One of the most striking points about this book is that apart from a few scattered incidents and a wonderful melodramatic ending very little happens! Yet the whole story had me in a state of almost unbearable tension. Le Fanu creates an atmosphere of evil which pervades the whole book. Madame Le Rougierre is always a dangerous character and once Uncle Silas is actually in the story his malignant presence, with mood swings, opium overdoses and fake religious fervour, overtakes everything.
Silas is a wonderful character; in my opinion he is the equal of other great Gothic characters such as Dracula. His evil is all the more defined because there is always the chance that he is a reformed character. Maud, the heroine of the story, finds him terrifying yet desperately wants to believe in him as her father did. Here Le Fanu is very clever, because we, the readers, are perfectly aware that as Silas is the title character of a Gothic horror he is highly unlikely to be good, but of course Maud does not have our knowledge. Like a modern horror film when we know that the girl should not go down into the basement where the murderer is lurking, we know that Maud should not agree to her late father's wishes and take Silas as her guardian, but if it was happening to us we would probably have done the same. Part of Le Fanu's magic in this novel is that he has Maud constantly in the midst of terrifying paranoid fantasies about the danger she is in but then she snaps to with a burst of apparent common sense, and looks at the situation as normal people would. Unfortunately for her the situation is not a normal one.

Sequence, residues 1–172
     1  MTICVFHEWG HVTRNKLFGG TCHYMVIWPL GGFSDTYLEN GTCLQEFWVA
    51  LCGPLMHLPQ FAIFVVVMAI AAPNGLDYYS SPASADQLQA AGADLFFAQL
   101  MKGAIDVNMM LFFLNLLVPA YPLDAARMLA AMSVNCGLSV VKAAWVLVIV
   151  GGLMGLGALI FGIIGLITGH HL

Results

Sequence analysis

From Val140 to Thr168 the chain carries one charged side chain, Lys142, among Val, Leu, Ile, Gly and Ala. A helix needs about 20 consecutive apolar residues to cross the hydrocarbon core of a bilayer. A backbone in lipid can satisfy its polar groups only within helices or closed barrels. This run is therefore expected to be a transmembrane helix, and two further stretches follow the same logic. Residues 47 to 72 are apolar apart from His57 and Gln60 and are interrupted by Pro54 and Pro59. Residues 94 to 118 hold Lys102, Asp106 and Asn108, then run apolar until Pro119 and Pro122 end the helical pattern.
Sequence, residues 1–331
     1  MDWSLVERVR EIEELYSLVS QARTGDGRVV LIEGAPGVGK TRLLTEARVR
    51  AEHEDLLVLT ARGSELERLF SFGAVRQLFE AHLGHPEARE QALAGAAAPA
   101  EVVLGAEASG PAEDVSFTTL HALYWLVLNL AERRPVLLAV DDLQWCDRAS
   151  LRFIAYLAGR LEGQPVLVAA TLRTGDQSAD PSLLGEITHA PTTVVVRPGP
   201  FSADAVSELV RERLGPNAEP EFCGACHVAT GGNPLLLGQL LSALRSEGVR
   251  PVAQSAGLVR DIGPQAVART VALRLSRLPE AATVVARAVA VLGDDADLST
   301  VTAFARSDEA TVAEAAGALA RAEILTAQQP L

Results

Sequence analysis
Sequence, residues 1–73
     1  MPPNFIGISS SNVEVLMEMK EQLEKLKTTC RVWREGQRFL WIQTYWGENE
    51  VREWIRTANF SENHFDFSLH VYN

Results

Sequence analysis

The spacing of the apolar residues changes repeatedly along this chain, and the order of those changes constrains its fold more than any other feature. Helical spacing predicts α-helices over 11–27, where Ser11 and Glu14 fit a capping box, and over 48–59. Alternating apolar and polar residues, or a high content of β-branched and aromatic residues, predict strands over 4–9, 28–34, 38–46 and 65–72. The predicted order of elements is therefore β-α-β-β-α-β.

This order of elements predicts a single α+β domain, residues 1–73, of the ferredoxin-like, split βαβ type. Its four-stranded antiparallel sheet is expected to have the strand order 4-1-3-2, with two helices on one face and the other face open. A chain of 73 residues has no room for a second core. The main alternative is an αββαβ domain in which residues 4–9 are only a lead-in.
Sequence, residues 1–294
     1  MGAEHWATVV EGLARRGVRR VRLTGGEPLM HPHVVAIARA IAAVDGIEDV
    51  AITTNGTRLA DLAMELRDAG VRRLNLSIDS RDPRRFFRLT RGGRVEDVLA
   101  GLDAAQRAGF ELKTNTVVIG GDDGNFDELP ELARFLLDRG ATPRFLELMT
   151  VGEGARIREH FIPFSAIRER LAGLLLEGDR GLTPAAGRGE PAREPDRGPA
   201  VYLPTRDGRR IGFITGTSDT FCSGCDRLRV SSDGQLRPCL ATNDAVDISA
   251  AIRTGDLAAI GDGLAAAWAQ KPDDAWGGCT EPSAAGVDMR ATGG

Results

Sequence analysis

The ending is magnificent and well worth waiting for; the fact that the story built up so slowly with such atmosphere makes it all the more powerful. This is a wonderful book.